Markets may be betting on the greenback to scale new heights, but chances are now is the time to go short, Adrian Zuercher, head of asset allocation for Asia at UBS, said on Thursday.
The dollar has surged in the wake of Donald Trump's surprise election win in the U.S. and as the U.S. Federal Reserve surprised markets at its meeting last week by indicating it would likely hike rates three times next year, a faster rate of tightening than the widely expected two times.
On Wednesday, , which measures the greenback against a basket of currencies, extended recent gains, touching 103.65, according to Reuters data, its highest since December 2002. The dollar index retreated to 102.97 at 10:43 a.m. HK/SIN on Thursday. But Zuercher said the gains may sputter soon.
"We actually think the U.S. dollar is highly overvalued at this stage and particularly over the past couple of weeks," Zuercher told CNBC's "Squawk Box" on Thursday. "The rally is unjustified."
Zuercher said that after a four-year-long rally in the greenback, it's become overvalued against the G10 currencies, potentially by as much as 15-20 percent against the euro and 30 percent against the yen.
To be sure, Zuercher acknowledged that Trump's policies, if enacted, will likely spur higher inflation, pushing up U.S. interest rates and supporting the greenback.
But he added there was a flip side to that.
"We also think inflation in Europe will go up, inflation in Japan will go up and they will start to reduce quantitative easing, which should be positive for these two currencies," Zuercher said.
The Bank of Japan has signaled that its bond purchases may eventually taper as it shifted to a yield-curve control paradigm in September, targeting keeping the benchmark 10-year Japan government bond yield at zero. That theoretically should mean the central bank can buy fewer bonds as it would only need to time its purchases for when the yield curve moves away from its target.
U.S. government finances would also play a role in damping dollar enthusiasm, Zuercher noted.
"If Mr. Trump wants to spend more, he has to finance it, so fiscal deficits should become more negative. That's historically not something positive for a currency, also not for the U.S. dollar, and I think this will also start to weigh on the currency."
Zuercher also noted that the market was currently already pricing in two Fed rate hikes for next year, which matched UBS' expectations for the central bank. That suggested that the dollar may not rise further if a third hike doesn't eventuate.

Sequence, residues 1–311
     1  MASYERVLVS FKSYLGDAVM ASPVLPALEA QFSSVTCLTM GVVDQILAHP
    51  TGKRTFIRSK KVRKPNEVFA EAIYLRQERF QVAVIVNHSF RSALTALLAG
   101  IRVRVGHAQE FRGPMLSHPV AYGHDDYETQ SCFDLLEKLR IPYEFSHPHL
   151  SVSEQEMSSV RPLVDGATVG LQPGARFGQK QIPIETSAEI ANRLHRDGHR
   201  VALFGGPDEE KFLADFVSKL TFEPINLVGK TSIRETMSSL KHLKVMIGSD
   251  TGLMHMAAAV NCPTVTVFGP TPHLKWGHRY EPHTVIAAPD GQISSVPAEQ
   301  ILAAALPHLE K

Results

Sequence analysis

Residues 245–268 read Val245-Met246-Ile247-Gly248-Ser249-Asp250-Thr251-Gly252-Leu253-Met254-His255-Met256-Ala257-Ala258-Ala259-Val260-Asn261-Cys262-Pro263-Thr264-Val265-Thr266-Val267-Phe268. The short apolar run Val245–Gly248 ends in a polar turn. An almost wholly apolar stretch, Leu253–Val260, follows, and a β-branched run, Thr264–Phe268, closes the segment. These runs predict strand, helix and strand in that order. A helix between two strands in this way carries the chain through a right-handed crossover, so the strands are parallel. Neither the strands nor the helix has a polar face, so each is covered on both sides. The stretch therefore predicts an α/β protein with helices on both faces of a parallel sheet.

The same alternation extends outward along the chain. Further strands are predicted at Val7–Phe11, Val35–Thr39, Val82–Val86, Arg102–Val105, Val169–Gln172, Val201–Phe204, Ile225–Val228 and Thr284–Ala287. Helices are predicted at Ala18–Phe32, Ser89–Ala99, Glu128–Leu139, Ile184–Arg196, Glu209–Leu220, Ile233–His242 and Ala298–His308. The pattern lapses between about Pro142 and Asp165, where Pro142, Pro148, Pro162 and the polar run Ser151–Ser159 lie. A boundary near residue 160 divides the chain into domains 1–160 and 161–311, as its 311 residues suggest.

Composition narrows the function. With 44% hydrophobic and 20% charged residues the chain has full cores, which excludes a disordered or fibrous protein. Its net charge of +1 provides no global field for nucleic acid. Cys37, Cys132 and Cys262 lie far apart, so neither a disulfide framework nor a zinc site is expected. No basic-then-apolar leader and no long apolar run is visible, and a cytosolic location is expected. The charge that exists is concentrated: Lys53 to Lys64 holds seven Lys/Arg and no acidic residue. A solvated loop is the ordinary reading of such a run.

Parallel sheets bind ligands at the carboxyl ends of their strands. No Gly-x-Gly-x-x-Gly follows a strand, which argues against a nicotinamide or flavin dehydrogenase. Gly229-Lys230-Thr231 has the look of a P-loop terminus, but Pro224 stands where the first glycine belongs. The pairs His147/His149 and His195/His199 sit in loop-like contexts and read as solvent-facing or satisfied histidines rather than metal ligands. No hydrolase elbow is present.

Expectations that the dollar won't continue to rise helped to drive UBS' market picks for the year ahead.
For one, UBS is positive on Asia ex-Japan equities, which have been hit by outflows as the U.S. dollar has spiked higher.
"That could be an additional boost for Asia once the U.S. dollar strength starts to roll over," he said.
Zuercher also pointed to forecasts for producer prices to grow after as many as five years of deflation across Asia, particularly in China.
"That should be a boost for corporates, bringing back earnings power. Return on equity should go up and we think Asia will have double-digit earnings growth next year. [It] should be around 11 percent," he said.
UBS was also positive on European high-yield bonds.
"We think European companies will have solid earnings growth next year," he said. "If you look at valuation on European high-yield spreads, I think they're attractive."
Zuercher also expected quantitative easing would continue to support the segment, despite moves by the central bank to taper the asset purchases.
Earlier this month, the European Central Bank (ECB) said it would continue its asset-buying program after the expected expiration date in March 2017 until at least December 2017, but it surprised by saying it that in April, the quantum of purchases would drop to 60 billion euros ($62.64 billion) a month from 80 billion euros currently.
"There's still 60 billion euros out that will start to buy corporate bonds, particularly the investment grade side," he said. "That should basically also lead to more purchases form market participants in the high yield space."
—Sam Meredith contributed to this article.
—By CNBC.Com's Leslie Shaffer; Follow her on Twitter